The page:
Much less the peace of mind to have a little bit better direction to go to. So yeah. .
[01:08:34] Zac Cupples: Yeah. Yeah, for sure. Yeah. If you don’t have to spend $60,000 on a surgery that’s always good. .
[01:08:42] Dr Mike T Nelson: Yeah, . That’s my new thing now cuz I’ve had a couple people that have come to me that I think are a little bit too excited about having the surgery and I ask ’em like, do you really know what happens with that?
They’re like not so much. I’m like, eh. So yeah, I usually send ’em over to you or try to talk them out of it or just get ’em to chill out a little bit before they start having everything rearranged in their face overnight. , .
[01:09:08] Zac Cupples: Yeah. Yeah. Absolutely. I. The surgery is always gonna be definitive, but even the ones that, that we look into, which might be like a one where they advance the maxilla and mandible forward and mma that only accounts for front to back dimensions.
And then, what, if you’re someone who needs a lot more side to side maybe that’s an appliance, maybe that’s a surgical procedure for that. But, if I can help you guide you down that path and hopefully get you in the hands of a skilled practitioner then you’re gonna have better success of finding what’s best for you.
And I think this is one of those cases where the process is still too muddy to do appropriate me search to find out what that is. . Yeah.
[01:09:50] Dr Mike T Nelson: Yeah. I think anything else I probably would argue after anything. Yeah. Yeah. I always do surgery as the last resort. It’s yep, we may get there.
It’s definitely an option. I’m not an expert in that area, but I also know it’s expensive. It’s time consuming and it’s really hard to reverse. Yep. Some of the worst cases I’ve seen of people just working with other physical therapists and people like yourself is people who have had various surgeries of, we’ll say questionable quality
Yeah. And you feel bad for ’em. And that’s not an expertise in my area. But yeah and then I always have ’em, okay, go back, ask your surgeon and if you wait two months, are you gonna make anything worse in that process? Or you’re gonna make it really hard to fix if you do opt to have surgery, whether that’s a knee, hip, face, whatever.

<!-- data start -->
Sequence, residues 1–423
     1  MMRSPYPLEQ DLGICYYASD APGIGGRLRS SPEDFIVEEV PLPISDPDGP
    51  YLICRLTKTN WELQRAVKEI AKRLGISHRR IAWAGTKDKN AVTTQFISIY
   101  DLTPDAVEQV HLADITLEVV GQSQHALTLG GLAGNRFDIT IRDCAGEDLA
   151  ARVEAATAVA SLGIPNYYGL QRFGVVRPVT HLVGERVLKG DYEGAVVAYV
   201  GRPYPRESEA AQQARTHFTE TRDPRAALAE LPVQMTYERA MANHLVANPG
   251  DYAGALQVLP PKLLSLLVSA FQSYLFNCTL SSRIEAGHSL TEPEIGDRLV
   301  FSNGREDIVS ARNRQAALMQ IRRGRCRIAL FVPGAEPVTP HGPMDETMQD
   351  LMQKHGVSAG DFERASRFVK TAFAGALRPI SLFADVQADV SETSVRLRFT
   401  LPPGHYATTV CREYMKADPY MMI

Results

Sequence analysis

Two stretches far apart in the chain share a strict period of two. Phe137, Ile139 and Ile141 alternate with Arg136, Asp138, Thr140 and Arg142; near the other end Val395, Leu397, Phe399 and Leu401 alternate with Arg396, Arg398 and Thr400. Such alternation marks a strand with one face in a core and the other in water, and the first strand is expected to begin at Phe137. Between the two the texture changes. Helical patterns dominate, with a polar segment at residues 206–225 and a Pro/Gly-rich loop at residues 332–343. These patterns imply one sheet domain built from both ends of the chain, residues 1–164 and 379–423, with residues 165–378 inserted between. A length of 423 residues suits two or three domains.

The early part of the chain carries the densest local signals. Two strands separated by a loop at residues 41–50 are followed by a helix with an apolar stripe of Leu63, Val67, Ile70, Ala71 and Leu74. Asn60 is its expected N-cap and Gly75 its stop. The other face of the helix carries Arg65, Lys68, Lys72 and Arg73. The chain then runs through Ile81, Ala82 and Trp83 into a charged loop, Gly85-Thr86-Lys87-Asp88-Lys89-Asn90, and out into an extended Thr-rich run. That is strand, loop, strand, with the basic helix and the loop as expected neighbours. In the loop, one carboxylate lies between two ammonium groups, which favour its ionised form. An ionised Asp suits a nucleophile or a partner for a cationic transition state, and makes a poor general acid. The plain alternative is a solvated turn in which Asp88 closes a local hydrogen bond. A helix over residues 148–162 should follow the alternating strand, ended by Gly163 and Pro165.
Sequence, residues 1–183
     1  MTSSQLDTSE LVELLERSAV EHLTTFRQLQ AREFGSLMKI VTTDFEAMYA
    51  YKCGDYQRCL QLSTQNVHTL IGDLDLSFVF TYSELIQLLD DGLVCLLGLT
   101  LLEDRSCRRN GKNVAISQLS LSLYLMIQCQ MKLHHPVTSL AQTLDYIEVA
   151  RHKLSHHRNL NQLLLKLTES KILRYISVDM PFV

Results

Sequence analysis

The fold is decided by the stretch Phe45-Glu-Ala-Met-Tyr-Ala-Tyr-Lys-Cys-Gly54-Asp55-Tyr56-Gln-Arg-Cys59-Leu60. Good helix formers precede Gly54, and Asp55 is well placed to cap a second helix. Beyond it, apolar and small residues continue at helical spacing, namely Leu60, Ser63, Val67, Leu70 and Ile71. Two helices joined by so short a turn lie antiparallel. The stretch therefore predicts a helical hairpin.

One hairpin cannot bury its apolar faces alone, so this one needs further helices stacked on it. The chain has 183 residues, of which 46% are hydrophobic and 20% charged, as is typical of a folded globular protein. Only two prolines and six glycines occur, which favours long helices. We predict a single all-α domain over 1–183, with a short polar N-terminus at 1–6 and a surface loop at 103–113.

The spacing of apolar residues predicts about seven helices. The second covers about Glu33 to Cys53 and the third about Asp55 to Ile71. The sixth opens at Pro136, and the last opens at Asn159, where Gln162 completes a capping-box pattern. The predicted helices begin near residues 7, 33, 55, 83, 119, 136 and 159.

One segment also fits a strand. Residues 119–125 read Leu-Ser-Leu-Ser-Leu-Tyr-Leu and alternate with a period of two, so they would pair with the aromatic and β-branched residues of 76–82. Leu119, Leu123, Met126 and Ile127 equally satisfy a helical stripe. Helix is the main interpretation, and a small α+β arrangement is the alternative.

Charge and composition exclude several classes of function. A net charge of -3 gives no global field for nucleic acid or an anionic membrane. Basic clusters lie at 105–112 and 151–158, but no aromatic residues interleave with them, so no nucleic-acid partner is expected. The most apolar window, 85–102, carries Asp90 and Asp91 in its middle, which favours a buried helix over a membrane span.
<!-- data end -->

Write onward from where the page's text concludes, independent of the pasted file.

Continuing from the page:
And if they’re like, no, you just may have some pain, you’re not gonna make it any worse. Cool. Okay. Now you know you have a set period of time to try some other stuff and see what affects it. You may end up. Needing the surgery. That may be the only fix and then great. Then that’s the fix. But yeah, I just get nervous if that’s the first and only option.
Yeah. Makes me a little, makes me a little nervous personally.
[01:11:01] Zac Cupples: So unless it’s Catherine Plants and you always gotta go with that one. .
[01:11:05] Dr Mike T Nelson: Yes. Yeah. And that bumps right up to the top of the list. You definitely don’t pass a go on that. You
[01:11:10] Jodie Nelson: guys are silly. I’ve always wanted smaller caps. , what are you talking about?
[01:11:15] Dr Mike T Nelson: Oh, you suck.
[01:11:16] Zac Cupples: Wow. We call that a unicorn. Where I come from. You got the big cabs.
[01:11:20] Dr Mike T Nelson: Yeah. Awesome. Thank you so much. Z couples.com. I also recommend people get on your newsletter. Great stuff. Always some good hip hop recommendations in there too, which I always appreciate finding good new music, which is awesome.
[01:11:35] Zac Cupples: and I’m definitely like backed up on my research in that regard. I need to, I might need to take a day off of work just to catch up on hip hop, but Yeah. I, yeah I’m glad that you are. I always enjoy the the occasional response of sending me some metal that I haven’t been exposed.
Oh, yeah. Yeah.
[01:11:49] Dr Mike T Nelson: Good exchange there.
[01:11:51] Zac Cupples: Yeah. Yeah. And the hip hop you sent me the other day was yeah, RT j’s
[01:11:55] Dr Mike T Nelson: very good. Oh, yeah. I’ve been getting to run the jewels lately. I don’t know why. Everyone has been in them forever. And just like one of those bands where it’s yeah, I liked them before and then I forgot like how good their stuff actually is.